Catching up with my dozen-title backlog of "I (mostly) paid for it, I ought to read it (and comment on whether or not it was worth doing either)" with some Canadian-written and Canadian-set police procedural mysteries which team a big-city cop moved to a small-town with the local rookie.
My most recent short story read was Canadian author Marcelle Dubé
's Night Shift
, which is a current Smashwords freebie
It's a fairly representative tie-in to the 1st novel in her Mendenhall Mystery series set in a very small town somewhat outside of Winnipeg, Manitoba (closer to Brandon, wherever that is), The Shoeless Kid
, which I bought when Carina Press was having 20% off selected mystery category titles, plus the extra $5 off $10 purchase coupon over the holidays.
Despite it being from Carina, an imprint of Harlequin, TSK
is a completely non-romantic police procedural, centred around new Police Chief Kate Williams, who has to deal with being the big-city interloper on the small-town local police force who was expecting one of their own to get promoted, all the while trying to find out if a crazy homeless guy's insistence that he saw a child being abducted is really the truth or something that came out of the depths of his detached mind.
Newbie Chief Williams turns out to have an unfortunate history with child abduction and major guilt over a previous case, which leads her to spend more time on the homeless guy's story than most of the other cops think she should, save the young rookie who's trying to learn the ropes of investigation himself.
It all turns out in a slightly unexpected but not-too-contrived way (maybe a little over the top with the suspected culprit doing some rather dumb stuff for dramatic tension stretching-out value), but while the actual whodunnit case may be a bit weak, the character bits with Kate trying but not quite succeeding to win her new force over but nevertheless managing to get a bit of a foothold into their wary trust are good.
Mild recommend, perhaps. Story a bit flawed, but a promising start to a nice-enough-looking but unexceptional series if you like the character-dynamic premise. And if you happen to like stuff set in Manitoba and lots of mentions of Tim Horton's coffee, then bonus!
I'm okay with what I paid for it on sale (roughly $2.50-ish) and would be willing to pay roughly the same again if the author happens to hold a coupon discount on the 2nd in series which she has apparently self-published on Smashwords at some point. But not much more.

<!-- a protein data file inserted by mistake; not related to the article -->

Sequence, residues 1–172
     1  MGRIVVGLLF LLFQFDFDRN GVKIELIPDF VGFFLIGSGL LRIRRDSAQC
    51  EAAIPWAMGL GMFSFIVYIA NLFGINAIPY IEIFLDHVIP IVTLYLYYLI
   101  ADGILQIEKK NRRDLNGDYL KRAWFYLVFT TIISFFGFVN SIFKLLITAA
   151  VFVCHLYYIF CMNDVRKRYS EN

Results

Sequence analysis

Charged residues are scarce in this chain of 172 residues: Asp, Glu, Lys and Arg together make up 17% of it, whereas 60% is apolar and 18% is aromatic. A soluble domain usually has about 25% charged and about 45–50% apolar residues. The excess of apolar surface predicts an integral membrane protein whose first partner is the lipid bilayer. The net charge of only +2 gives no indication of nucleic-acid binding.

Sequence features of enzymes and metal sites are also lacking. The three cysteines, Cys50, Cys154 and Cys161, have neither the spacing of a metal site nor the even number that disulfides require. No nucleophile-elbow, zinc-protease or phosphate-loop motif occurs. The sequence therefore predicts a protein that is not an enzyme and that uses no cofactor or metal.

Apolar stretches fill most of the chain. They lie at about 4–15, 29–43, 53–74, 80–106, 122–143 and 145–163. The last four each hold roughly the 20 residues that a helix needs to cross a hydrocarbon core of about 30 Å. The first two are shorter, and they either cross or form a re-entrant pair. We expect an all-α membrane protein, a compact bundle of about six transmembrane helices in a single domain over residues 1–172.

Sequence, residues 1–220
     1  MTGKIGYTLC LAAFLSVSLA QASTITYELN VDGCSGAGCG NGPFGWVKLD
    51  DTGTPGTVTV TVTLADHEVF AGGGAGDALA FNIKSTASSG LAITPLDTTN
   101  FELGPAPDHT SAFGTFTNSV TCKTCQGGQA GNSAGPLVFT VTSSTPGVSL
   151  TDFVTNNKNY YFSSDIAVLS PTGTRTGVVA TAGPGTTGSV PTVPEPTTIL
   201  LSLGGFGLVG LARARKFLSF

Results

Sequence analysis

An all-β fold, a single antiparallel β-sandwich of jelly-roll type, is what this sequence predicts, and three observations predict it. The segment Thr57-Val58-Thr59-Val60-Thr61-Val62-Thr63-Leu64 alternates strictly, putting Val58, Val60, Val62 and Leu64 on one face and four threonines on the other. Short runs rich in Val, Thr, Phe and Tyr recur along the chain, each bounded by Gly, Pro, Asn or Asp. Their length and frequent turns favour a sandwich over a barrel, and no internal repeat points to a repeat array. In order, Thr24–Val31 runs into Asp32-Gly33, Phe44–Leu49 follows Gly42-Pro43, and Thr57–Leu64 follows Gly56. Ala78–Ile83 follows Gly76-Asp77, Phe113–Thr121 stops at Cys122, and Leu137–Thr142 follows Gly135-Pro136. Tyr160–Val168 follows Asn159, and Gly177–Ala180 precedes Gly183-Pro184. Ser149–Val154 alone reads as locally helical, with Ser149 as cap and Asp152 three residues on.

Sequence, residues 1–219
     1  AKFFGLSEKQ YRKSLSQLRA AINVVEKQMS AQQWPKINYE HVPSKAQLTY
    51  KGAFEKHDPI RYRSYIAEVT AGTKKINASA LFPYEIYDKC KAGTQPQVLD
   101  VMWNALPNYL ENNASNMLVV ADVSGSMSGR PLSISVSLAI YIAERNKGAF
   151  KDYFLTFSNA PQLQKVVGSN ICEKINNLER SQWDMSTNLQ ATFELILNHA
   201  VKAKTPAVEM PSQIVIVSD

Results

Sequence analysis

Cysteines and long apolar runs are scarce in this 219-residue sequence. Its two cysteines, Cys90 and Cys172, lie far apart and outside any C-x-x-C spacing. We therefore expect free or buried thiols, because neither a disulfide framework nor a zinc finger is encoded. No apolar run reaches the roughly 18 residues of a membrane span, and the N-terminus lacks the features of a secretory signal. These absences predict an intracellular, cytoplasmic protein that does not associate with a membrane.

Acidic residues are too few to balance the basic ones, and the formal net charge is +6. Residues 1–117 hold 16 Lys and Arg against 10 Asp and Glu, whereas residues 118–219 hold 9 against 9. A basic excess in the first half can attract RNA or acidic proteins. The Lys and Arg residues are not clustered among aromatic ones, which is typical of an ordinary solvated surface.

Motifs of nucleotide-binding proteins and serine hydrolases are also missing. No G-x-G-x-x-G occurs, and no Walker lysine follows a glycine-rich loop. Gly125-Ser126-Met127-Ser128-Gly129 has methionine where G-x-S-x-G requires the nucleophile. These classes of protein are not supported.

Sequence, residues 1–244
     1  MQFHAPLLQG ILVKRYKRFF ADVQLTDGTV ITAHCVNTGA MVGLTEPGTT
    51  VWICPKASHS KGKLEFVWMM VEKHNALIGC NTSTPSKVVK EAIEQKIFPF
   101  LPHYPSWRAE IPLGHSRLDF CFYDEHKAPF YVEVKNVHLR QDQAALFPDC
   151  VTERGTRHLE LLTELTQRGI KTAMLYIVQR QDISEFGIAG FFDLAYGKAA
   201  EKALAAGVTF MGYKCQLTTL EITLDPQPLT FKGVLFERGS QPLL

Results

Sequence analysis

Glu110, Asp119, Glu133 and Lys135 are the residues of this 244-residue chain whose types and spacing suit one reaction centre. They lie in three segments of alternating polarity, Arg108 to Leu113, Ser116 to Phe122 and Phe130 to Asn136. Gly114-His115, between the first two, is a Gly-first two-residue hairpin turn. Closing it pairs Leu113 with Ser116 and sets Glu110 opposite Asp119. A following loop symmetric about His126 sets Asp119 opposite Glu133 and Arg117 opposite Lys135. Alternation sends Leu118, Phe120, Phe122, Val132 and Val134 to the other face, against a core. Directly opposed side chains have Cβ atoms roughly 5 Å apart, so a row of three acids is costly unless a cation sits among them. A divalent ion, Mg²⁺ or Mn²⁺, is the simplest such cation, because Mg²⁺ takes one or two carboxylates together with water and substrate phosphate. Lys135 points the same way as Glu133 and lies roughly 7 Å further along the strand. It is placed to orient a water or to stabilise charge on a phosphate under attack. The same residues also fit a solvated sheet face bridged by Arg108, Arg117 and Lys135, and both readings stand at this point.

Much better was Vicky Delany
's BC-set In the Shadow of the Glacier
, 1st in her Constable Molly Smith series which was one of my 99 cent purchases from Poisoned Pen Press' introductory start-of-series "Build Your Library" sale, which is still ongoing as I type this.
Not only did this have a wrap-up that seemed better plotted-out and more polished, but it was also More Relevant To My Interests in certain ways, being set in small-town BC and involving local "hippies vs developers" + "opinionated non-resident Americans getting into the mix" politics which I admit are kind of familiar* around the Lower Mainland.
Anyway, Constable Molly (née Moonlight as the child of said hippies who provide some of the vs) Smith happens to be on-scene during the murder of one of said developers, who was trying to get a proposed Vietnam War draft-dodger memorial park put in limbo on the excuse that it would scare away business from offended war-hawk American tourists for his luxury resort.
In a kind of role reversal contrast to the Dubé books, she gets to be the female rookie to the male newly-arrived-ex-big-city-detective John Winters, and they've an irritating foil in the form of a FOX-network style US reporter who's come up to cover the murder and sensationalize the memorial park to stir outrage among his US viewers and raise his ratings. And there's a subplot with Molly being torn between her job and her hippie mother's disappointment that her daughter has become "The Man" and the demands of the case and the needs of her friend who's being stalked.
The whodunnit plays out fairly unexpectedly but overall wraps up well enough and the lingering personal issues are not conveniently resolved.
Moderate-to-medium recommend, especially if you've a taste for "Sunshine Coast" Canadiana. While this wasn't one of the better or more appealing (despite all the CanCon) PPP mysteries I've read, I did like it enough that I'd look up the rest of the series at the library and buy a few more volumes offered on discount sale to Support A Canadian Author.
And it is written well enough that the story hangs together decently, the characters are pleasantly fleshed out, and the conflict and resolution seem realistic. And there are some very funny moments when interrogating some of the potential suspects, especially the dentist and the deceased's wife. Not to mention, sending the FOX-network-style US reporter packing back to his weasel lair or den or whatever they wallow in.
Well, now it looks like I've just got a 9-book read/comment deficit (of course by tomorrow this probably goes to 11 like a Spinal Tap reference).
* To be honest, the main things I know about Manitoba are that it's prone to flooding and their provincial capital, popularly known as "Winterpeg" due to seriously sub-zero seasonal temperatures, recently reclaimed the coveted "Car Theft Capital of Canada" crown† from local contender Surrey, which is a suburban satellite municipality not that far from where I am right now.
† Not that I begrudge them that title, even though I don't drive.